Location: Blue Creek, Belize
The Maya Research Program (MRP) is a non-profit organization (501 C3) that sponsors archaeological and ethnographic research in Middle America. Each summer since 1992, MRP has supported archaeological research in northwestern Belize. The Blue Creek Archaeological Project includes research at the sites of Blue Creek, Xnoha, Nojol Nah, Tamarindo, Tulix Mul, and Grey Fox (You can read many MRP publications here.)
MRP has been instrumental in documenting and protecting numerous Maya sites in northwestern Belize. Over 3000 students and volunteers have participated in the project in the past 24 years. The current Blue Creek project team includes faculty members and graduate students from over a dozen universities worldwide. In addition, the Blue Creek field school has been certified by the Register of Professional Archaeologists and is affiliated with the University of Texas at Tyler.
2019 marks MRP’s Blue Creek Archaeological Project’s 28th archaeological field season in northwestern Belize. MRP is proud to support a vast range of talented researchers from across the globe under this project’s umbrella. Our research associates include not only archaeologists, but also soil scientists, geoarchaeologists, geographers, conservationists, cultural anthropologists, bioarchaeologists, and botanists.
From May to July of each year, MRP hosts four two-week sessions for students and volunteers at Blue Creek. Everyone is a full participant in the effort and is involved with field excavations and laboratory work. You can read more about what to expect at the MRP's field school in our Participant Guide.
2019 Season Dates:
Application Process: The maximum number of participants for each 2-week session ranges from 20 to 25 students and volunteers. Participants will be accepted to the archaeology field school on a first come, first served basis. To enroll, the applicant should forward an enrollment form and appropriate deposit to the Maya Research Program. You should also read MRP's Participant Guide.
Cost: The donation for a single two-week session for non-students is $ $1850 USD. A special first-session rate of $1600 is available to students currently enrolled in an accredited University or College. If more than one session is desired, the donation is $1300 for each additional session. (For instance, a student would pay $1600 USD for their first 2 week session and $1300 USD for their second 2 week session for a total of $2900 for 4 weeks. Students are encouraged to apply for a MRP scholarship to reduce thier cost to $1900 for 4 weeks. ) A non-refundable deposit of $250 per session is required to hold your spot. (Participants are responsible for their travel costs to Belize). If a student wishes to receive academic credit, tuition costs (via the University of Texas at Tyler or their home institution) will apply in addition to the required donation to the Maya Research Program.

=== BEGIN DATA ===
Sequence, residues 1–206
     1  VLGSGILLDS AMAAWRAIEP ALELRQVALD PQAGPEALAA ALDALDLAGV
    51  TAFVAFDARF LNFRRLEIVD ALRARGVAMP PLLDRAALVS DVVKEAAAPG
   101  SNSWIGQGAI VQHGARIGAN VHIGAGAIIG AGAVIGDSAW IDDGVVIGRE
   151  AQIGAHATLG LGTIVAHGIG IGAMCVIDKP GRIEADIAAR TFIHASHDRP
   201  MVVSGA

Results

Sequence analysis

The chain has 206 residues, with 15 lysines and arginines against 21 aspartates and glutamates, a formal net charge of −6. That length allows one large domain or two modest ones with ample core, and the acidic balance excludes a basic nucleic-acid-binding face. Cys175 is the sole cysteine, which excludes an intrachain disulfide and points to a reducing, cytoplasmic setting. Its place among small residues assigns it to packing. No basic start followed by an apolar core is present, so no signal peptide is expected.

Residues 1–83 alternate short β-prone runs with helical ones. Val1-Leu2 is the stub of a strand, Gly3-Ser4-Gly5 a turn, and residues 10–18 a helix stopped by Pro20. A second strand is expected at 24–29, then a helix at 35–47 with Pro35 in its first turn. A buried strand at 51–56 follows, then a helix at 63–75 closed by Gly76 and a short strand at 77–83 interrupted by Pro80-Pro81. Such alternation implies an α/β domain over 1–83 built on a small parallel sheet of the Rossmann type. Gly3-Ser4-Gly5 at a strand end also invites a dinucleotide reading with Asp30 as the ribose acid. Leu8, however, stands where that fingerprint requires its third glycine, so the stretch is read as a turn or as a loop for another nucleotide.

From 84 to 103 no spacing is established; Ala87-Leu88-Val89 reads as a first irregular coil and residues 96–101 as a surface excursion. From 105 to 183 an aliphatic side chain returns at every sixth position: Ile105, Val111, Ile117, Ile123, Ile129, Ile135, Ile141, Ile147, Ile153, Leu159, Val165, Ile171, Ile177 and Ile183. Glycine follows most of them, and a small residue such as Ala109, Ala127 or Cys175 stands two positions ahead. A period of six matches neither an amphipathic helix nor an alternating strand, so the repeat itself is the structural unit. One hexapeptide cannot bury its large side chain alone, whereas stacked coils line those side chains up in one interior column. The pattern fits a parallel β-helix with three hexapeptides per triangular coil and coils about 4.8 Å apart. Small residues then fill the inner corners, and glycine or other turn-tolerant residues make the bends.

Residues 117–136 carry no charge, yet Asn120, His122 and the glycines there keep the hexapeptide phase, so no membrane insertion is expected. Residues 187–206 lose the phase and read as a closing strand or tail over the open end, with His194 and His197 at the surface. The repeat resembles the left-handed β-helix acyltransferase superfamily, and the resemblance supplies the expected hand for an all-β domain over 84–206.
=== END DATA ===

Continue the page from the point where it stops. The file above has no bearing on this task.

Maya Research Program's expanded course offerings in archaeological field and laboratory techniques: The Maya Research Program offers specialized laboratory and field courses for students and volunteers in addition to the general archaeological field school. The specific study areas for the specialized laboratory and field courses are:
1. Bioarchaeology (the study of human skeletal remains) -limited to 10 persons in Session 2 and Session 3 only.
2. Photogrammetry and 3D Digital Modeling - limited to 10 persons in Session 4 only.
3. Laboratory Procedures, Artifact Analysis, and Conservation - limited to 10 persons in Session 3 only.
4. Scientific Illustration - limited to 10 persons in Session 2 only. (Pending)
Cost for Specialized Laboratory and Field Methods : The donation for for a single two-week session for non-students is $2100 USD. A special first-session rate of $1850 is available to students currently enrolled in an accredited University or College. If more than one specialized session is desired, the donation is $1550 for each additional session.
Student participants can obtain academic credit through the University of Texas at Tyler or via their home institution through Independent Study and similar courses. Non UTT students can also take these classes through UTT as transient student (click here for the University of Tyler registrar’s webpage).
Individuals who do not wish to receive academic credit may also take these courses.
Period(s) of Occupation: Maya / Classic Period
Minimum Length of Stay for Volunteers: 2 weeks (one session)
Room and Board Arrangements
Our base station has a large central 2 story house (including a public lounge, library and kitchen) a laboratory building, a large shower/restroom building, a dining hall, and a large central palapa. Participants stay in residentail cabanas (maximum of 2 per cabana)
All meals are hearty and provided within the overall cost. All field equipment and supplies are also provided.
The Ancient Maya. By Heather McKillop, Santa Barbara: ABC-CLIO Publishers, Santa Barbara (paper and e-book).
Forest of Kings (1990) Linda Schele & David Freidel, Wm. Morrow &Co.
Chronicles of Maya Kings (2001) Simon Martin and Nikolai Grube. Thames & Hudson.
The Nature of an Ancient Maya City: Resources, Interaction and Power at Blue Creek, Belize. (2007) Thomas Guderjan. University of Alabama Press, Tuscaloosa.